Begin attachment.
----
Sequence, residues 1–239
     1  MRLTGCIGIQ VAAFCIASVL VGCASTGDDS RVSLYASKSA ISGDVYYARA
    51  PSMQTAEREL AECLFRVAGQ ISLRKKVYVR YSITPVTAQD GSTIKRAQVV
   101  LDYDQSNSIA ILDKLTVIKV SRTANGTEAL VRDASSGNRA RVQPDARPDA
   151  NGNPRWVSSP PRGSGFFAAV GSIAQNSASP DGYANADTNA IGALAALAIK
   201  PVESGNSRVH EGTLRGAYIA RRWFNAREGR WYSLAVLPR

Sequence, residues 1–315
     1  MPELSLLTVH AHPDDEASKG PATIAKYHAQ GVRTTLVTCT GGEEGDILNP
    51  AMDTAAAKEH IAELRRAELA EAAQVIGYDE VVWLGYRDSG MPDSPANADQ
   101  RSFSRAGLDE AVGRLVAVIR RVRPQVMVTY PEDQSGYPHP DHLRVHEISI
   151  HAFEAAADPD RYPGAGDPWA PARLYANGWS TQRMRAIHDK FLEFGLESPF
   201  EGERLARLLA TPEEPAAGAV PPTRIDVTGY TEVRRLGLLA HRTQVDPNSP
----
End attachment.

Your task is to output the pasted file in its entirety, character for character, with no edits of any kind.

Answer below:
Sequence, residues 1–239
     1  MRLTGCIGIQ VAAFCIASVL VGCASTGDDS RVSLYASKSA ISGDVYYARA
    51  PSMQTAEREL AECLFRVAGQ ISLRKKVYVR YSITPVTAQD GSTIKRAQVV
   101  LDYDQSNSIA ILDKLTVIKV SRTANGTEAL VRDASSGNRA RVQPDARPDA
   151  NGNPRWVSSP PRGSGFFAAV GSIAQNSASP DGYANADTNA IGALAALAIK
   201  PVESGNSRVH EGTLRGAYIA RRWFNAREGR WYSLAVLPR

Sequence, residues 1–315
     1  MPELSLLTVH AHPDDEASKG PATIAKYHAQ GVRTTLVTCT GGEEGDILNP
    51  AMDTAAAKEH IAELRRAELA EAAQVIGYDE VVWLGYRDSG MPDSPANADQ
   101  RSFSRAGLDE AVGRLVAVIR RVRPQVMVTY PEDQSGYPHP DHLRVHEISI
   151  HAFEAAADPD RYPGAGDPWA PARLYANGWS TQRMRAIHDK FLEFGLESPF
   201  EGERLARLLA TPEEPAAGAV PPTRIDVTGY TEVRRLGLLA HRTQVDPNSP